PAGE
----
The Kansas City Royals finished the 2016 season at 81-81, good for third place in the American League Central. After two consecutive trips to the World Series, the Royals finished 13.5 games out of first, and eight games out of a wild-card spot. Their disappointing season can be attributed to a number of things, but their pitching hurt them in 2016. Their 4.21 ERA and 1.35 WHIP were both 18th best in baseball, and while their bullpen was impressive, the starting rotation largely under-performed.
It’s hard to continue writing a piece such as this with the recent passing of Yordano Ventura. On January 22nd, 2017, the Royals’ young pitcher died in a car accident in his native country of the Dominican Republic. The loss of young, talented baseball players over the past few years is incredibly hard to stomach, despite the controversy surrounding their deaths, but they act as a reminder to not take anything for granted. Yordano’s passing leaves a hole not only in the Royals’ rotation, but in the heart of the organization, and baseball as a whole.
2016’s Opening Day starter Edinson Volquez declined his option to remain with the Royals and signed with the Miami Marlins, hauntingly enough to fill the hole left by the late Jose Fernandez, leaving Ned Yost with a choice to make regarding the starting rotation. I’m no Ned Yost, but here’s what I think the Royals’ starting rotation will look like when the 2017 season begins.[Milkins]
- Ian Kennedy: The Royals will be sending their fourth different starter in as many seasons to the mound on Opening Day. Kennedy isn’t the Royals’ best pitcher, I give that nod to Danny Duffy, but Kennedy has the experience and consistency to lead Kansas City’s rotation in 2017. The 11-year veteran was 11-11 with a 3.68 ERA and a 1.221 WHIP in 2016. He held hitters to a .236 batting average, his lowest mark since his amazing 2011 campaign. Kennedy finished just below Duffy in nearly every pitching category, but what separates the two is Kennedy’s track record of consistency. He surpassed 180 innings pitched for the sixth time in his career, Duffy hasn’t reached that mark yet, and I believe that will give Kennedy enough of an edge to take the top spot in the Royals’ rotation.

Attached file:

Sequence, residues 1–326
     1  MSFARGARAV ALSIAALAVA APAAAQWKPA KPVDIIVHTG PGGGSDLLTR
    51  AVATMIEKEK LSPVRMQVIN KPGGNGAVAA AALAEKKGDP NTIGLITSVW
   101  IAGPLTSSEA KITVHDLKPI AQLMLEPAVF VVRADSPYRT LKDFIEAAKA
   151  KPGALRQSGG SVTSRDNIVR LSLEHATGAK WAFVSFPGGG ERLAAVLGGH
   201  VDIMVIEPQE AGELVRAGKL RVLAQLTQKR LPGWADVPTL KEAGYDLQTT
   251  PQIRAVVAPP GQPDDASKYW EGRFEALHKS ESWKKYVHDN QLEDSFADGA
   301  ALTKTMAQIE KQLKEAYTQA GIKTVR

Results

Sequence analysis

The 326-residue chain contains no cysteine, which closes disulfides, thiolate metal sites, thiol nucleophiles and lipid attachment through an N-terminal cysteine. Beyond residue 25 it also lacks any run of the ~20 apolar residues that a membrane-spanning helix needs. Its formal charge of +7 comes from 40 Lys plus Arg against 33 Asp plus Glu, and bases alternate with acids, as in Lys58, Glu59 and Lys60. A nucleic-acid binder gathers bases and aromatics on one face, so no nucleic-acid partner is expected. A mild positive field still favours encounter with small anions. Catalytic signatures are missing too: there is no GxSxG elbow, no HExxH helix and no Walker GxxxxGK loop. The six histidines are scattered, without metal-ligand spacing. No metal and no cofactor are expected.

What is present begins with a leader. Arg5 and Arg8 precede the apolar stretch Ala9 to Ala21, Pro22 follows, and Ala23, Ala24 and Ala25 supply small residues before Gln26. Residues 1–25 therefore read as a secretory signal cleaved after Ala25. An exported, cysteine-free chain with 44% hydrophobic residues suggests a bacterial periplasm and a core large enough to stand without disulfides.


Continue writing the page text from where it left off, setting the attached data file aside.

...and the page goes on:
- Danny Duffy: The Royals locked down their top pitcher with a five-year, $65 million contract earlier this offseason. Duffy started the season in the bullpen, but quickly became the team’s most reliable starter. In 26 starts he went 12-3 with a 3.51 ERA, a 1.141 WHIP, and an impressive 188 strikeouts in 179.2 innings. The highlight of his season, and the entire Royals team’s for that matter, occurred on August 1st in a game against the Tampa Bay Rays. Duffy set the Royals’ record for strikeouts in a game with 16, and carried a no-hitter into the eighth inning. He walked just one batter and was removed after a lead off double in the eighth by Desmond Jennings, but his performance absolutely helped his case in emerging as the team’s top pitcher. As I said earlier, Duffy will need another high-quality season if he wants to establish himself as the ace of the rotation, but there’s no question that he has the most talent. The 28-year-old could easily top this list next season if he can repeat his 2016 success, but until then I see him pitching out of the number two spot in the rotation.